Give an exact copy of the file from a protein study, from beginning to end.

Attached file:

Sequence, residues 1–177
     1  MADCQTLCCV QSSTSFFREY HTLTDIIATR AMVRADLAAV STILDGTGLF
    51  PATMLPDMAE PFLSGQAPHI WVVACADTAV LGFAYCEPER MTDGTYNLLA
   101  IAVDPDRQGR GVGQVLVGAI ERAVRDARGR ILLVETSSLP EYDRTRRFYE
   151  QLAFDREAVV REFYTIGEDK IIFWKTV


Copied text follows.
Sequence, residues 1–177
     1  MADCQTLCCV QSSTSFFREY HTLTDIIATR AMVRADLAAV STILDGTGLF
    51  PATMLPDMAE PFLSGQAPHI WVVACADTAV LGFAYCEPER MTDGTYNLLA
   101  IAVDPDRQGR GVGQVLVGAI ERAVRDARGR ILLVETSSLP EYDRTRRFYE
   151  QLAFDREAVV REFYTIGEDK IIFWKTV